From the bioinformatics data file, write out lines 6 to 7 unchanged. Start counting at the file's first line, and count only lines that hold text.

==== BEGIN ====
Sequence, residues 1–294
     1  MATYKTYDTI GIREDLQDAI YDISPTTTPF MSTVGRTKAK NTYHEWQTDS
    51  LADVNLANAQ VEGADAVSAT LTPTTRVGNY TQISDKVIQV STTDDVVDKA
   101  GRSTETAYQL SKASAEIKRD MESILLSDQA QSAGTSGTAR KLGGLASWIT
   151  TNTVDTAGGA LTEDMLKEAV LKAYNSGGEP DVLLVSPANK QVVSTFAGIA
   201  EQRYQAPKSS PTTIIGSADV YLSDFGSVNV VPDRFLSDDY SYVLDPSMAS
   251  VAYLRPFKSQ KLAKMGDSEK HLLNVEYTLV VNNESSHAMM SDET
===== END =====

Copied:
   201  EQRYQAPKSS PTTIIGSADV YLSDFGSVNV VPDRFLSDDY SYVLDPSMAS
   251  VAYLRPFKSQ KLAKMGDSEK HLLNVEYTLV VNNESSHAMM SDET